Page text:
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As soon as I saw an example of someone’s HA Dashboard I was smitten.  I knew I had to have it! Unfortunately, when I started looking into how to set it up I was very intimidated and kept putting it off. Well, now with, and a great Add-on maintained by @frenck It’s a lot easier to get started.  


As always there is more than one way to do this. As of right now, the only way I know how is by using the add-on, so that’s what I’ll show you. There are good written instructions out there for using other methods, with other set-ups.


First thing we have to do is install AppDaemon.  AppDaemon is a way to run python based automation apps for Home Assistant.  If you think that sounds complicated, you should read what the official description says; “AppDaemon is a loosely coupled, multithreaded, sandboxed python execution environment for writing automation apps for Home Assistant”.  AppDaemon makes a lot of things possible that aren’t possible, or at least are really hard to do with HA automations. The most important thing for us, right now, is that AppDaemon makes it possible to create a sweet looking dashboard, that’s meant to be viewed on a tablet and mounted on the wall. It brings a bunch of HA info into one place, that can be touch activated, and is dang purdy!


Getting AppDaemon running is simple with Hassio. There are a few different ways to get the AppDaemon Addon.  The one I had success with was the one maintained by @frenck.  To get it click the Hassio button, then the shopping cart, then paste this URL in the box for Add-on Repositories:


Now scroll down and click AppDaemon3. AD3 is technically beta right now I think, but it won’t be for long. I’m trying to future proof our setup as much as possible. The most useful written instructions are available if you click the website button, then click where it says “Please read the instructions”.  They tried to hide the instructions, but I found’em!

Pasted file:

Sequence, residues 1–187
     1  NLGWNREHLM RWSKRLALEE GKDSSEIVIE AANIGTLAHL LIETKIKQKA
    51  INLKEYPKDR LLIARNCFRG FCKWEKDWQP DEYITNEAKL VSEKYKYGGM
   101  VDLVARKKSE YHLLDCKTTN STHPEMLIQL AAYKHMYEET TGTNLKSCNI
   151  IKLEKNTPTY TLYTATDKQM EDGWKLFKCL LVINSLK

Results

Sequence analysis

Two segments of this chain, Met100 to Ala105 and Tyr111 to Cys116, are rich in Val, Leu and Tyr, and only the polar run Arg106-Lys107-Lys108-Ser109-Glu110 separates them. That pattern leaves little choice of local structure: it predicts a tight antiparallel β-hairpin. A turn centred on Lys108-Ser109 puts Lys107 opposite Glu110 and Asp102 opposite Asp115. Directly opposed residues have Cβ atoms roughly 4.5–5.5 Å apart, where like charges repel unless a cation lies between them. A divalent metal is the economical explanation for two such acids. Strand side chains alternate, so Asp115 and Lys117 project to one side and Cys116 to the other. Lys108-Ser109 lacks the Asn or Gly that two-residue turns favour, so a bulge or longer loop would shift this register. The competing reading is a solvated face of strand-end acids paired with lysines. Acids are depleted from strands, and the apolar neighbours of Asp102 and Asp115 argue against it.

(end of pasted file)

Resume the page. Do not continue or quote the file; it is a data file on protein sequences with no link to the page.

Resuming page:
You don’t need to change anything in the Options section. Just click install.


There are some files and folders that are required, but thanks to our buddy frenck, the folders and starting files are created when we start the add-on!  Thanks frenck!

Next thing we need to do is edit the appdaemon.yaml. You can use your configurator-inator or connect through samba and edit it with VScode. In the lines where it says ha_url and dash_url, put the IP address of the pi (or other computer) that runs Hassio. Leave the ports as 8123 for HA and 5050 for dash. If you have a password for HA use the line ha_key, or the secrets entry.

After you add those lines save and then restart AppDaemon.


Thanks again to frenck we already have some expample files created to check out our AppDaemon and HADashboard install. To see the sample dashboard you can type your pi’s IP address and port 5050 in your browser, or just click where it says Open Web UI. There’s a welcome page and it will list your dashboards. For now the only one there is Hello. Click that and you should see your first, most basic dashboard.


Now for the fun part! Let’s create our own dashboard using entities from Home Assistant.

You can use the configure-inator (or some lesser species of text editor) create a file called something.dash in the appdaemon – dashboards folder. Paste in these lines. You can change “test” to whatever you want to call it.


## Main arguments, all optional
title: Main Panel
widget_dimensions: [120, 120]
widget_size: [1, 1]
widget_margins: [5, 5]
columns: 8
   use_comma: 0
   precision: 1
   use_hass_icon: 1




Now, under layout, we can start putting in entities from Home Assistant. So, open your home assistant states page, that’s the easiest place to find the names of all your entities. Decide which entities you want on your dashboard, and copy the name. Now under layout, type 4 spaces then a dash.  Don’t use tab! I lost 3 hrs of my life researching an error I was getting and it turned out it was because I hit tab instead of 4 spaces. Paste your first entity, then put a comma, one space, and the next entity. Each entity is becoming a widget. We set 8 columns, so you can have 8 widgets in each row.  If you want some entities to be larger, you can add (x, y), where x is the number of columns and y is the number of rows that widget will occupy. If you want to skip a row, just put the dash and enter to go to the next line down.  This is meant to be a pseudo-graphic layout. If you use a lot of imagination, and squint a little you can see that you’re making rows and columns.

That’s the basics of HA Dashboard. But there’s a lot of customization you can still do. You can define specifics about a widget by declaring it above the layout. With the declaration “widget-style” you can use CSS properties to modify the widget.

I don’t know much about using CSS, but a few easy and useful properties are:

  • font-size
  • Color
  • Background


You can add custom icons using Material Design Icons, or Font Awesome, but Font Awesome wasn’t working for me for some reason.

Icon_on: mdi-

Icon_off: mdi-

Or you can set it to use the same icon you’ve already attached to that entity in home assistant with “use_hass_icon: 1”

Here’s a couple dashboard examples:


Finally, skin.  There are 5 pre-built skins to choose from. Zen, obsidian, glassic, simplyred, and default.  But for the really ambitious you can also create your own skins! Don’t expect it to be easy! Nothing worth doing is ever easy.

Let’s see what awesomeness you all can create!